May 03, 2021

China and Russia’s Dangerous Convergence

By Andrea Kendall-Taylor and David Shullman

On March 23, Chinese Foreign Minister Wang Yi and his Russian counterpart, Sergey Lavrov, sat down for an auspiciously timed meeting. The high-level talks came just a day after an unusually heated public exchange between senior U.S. and Chinese officials in Anchorage, Alaska, and in sharp contrast, the Chinese and Russian foreign ministers struck an amicable tone. Together, they rejected Western criticism of their human rights records and issued a joint statement offering an alternative vision for global governance. The U.S.-led international order, Lavrov said, “does not represent the will of the international community.”

The meeting was noteworthy for more than its rhetoric, however. Within days of it, Russia began amassing troops along Ukraine’s border—the largest number since Moscow’s annexation of Crimea in 2014. Simultaneously, China began conducting highly publicized amphibious assault exercises and air incursions into Taiwan’s so-called air defense identification zone at the highest frequency in nearly 25 years. These military moves have reignited concerns in Washington about the potential depth of Chinese-Russian coordination.

Any effort to address either Russia’s or China’s destabilizing behavior must now account for the two countries’ deepening partnership.

For the United States, confronting these decidedly different adversaries will be a tall order, and the two countries will inevitably divide Washington’s attention, capabilities, and resources. The events of the last several weeks make clear that the administration of President Joe Biden will have difficulty managing Chinese behavior without addressing Moscow’s support for Beijing and that Washington must now calculate how its response to one adversary will shape the calculus of the other.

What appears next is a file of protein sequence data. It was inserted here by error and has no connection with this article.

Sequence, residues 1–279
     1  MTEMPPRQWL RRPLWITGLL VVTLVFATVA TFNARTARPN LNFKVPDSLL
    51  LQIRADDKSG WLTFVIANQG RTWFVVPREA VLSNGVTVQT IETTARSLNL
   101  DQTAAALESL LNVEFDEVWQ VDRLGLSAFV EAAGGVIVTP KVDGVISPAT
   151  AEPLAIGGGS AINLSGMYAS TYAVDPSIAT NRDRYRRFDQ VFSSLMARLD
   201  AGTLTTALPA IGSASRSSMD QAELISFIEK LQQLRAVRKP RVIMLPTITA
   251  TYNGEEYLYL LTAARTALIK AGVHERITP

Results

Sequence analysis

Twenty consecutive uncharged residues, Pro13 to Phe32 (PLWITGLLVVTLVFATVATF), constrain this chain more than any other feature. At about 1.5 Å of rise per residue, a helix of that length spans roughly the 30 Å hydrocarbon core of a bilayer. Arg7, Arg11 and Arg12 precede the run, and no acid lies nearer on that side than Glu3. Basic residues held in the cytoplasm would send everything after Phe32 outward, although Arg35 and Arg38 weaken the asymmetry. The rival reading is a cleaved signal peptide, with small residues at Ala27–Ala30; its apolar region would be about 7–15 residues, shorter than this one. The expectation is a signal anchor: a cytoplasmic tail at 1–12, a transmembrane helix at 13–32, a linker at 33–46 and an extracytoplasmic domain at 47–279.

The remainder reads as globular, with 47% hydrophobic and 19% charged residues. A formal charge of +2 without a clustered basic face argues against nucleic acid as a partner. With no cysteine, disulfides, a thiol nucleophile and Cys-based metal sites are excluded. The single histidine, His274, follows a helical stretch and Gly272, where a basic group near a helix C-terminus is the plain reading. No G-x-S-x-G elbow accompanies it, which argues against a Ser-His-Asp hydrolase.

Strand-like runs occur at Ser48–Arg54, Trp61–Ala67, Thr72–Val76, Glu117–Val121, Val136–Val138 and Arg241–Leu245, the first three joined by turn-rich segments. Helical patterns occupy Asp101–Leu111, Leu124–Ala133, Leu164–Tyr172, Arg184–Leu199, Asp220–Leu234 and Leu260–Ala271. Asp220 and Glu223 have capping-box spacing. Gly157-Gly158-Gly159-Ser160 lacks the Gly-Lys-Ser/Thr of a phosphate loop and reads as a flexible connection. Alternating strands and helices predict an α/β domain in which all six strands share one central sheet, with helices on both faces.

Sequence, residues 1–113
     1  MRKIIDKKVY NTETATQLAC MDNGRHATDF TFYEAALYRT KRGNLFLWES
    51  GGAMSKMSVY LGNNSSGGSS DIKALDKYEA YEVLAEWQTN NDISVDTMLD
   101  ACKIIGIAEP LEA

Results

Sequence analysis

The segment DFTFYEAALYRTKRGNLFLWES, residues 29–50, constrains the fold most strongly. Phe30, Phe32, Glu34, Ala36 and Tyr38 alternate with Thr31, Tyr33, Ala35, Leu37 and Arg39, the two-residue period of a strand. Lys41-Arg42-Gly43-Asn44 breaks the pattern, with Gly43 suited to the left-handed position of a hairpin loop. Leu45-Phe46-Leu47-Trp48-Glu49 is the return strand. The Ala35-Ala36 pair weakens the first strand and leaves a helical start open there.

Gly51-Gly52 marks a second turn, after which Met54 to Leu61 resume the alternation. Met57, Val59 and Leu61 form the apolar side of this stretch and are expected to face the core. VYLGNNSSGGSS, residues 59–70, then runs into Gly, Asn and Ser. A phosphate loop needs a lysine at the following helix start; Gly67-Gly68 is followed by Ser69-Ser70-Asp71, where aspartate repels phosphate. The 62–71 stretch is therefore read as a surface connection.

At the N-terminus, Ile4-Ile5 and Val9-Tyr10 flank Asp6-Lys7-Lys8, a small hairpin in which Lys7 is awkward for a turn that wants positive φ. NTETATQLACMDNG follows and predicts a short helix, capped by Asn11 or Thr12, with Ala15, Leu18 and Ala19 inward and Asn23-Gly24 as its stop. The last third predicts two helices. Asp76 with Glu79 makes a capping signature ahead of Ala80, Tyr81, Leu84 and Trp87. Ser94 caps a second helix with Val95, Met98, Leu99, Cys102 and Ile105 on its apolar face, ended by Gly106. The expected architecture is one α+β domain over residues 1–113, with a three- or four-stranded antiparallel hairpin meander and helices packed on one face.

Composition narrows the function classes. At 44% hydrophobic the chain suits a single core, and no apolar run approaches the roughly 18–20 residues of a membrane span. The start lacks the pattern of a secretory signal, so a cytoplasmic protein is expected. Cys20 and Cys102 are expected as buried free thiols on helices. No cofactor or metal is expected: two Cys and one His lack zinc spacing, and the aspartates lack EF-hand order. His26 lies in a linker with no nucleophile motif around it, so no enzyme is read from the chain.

The problems the two countries pose to Washington are distinct, but the convergence of their interests and the complementarity of their capabilities—military and otherwise—make their combined challenge to U.S. power greater than the sum of its parts. China, in particular, is using its relationship with Russia to fill gaps in its military capabilities, accelerate its technological innovation, and complement its efforts to undermine U.S. global leadership. Any effort to address either Russia’s or China’s destabilizing behavior must now account for the two countries’ deepening partnership.

Read the full article from Foreign Affairs.

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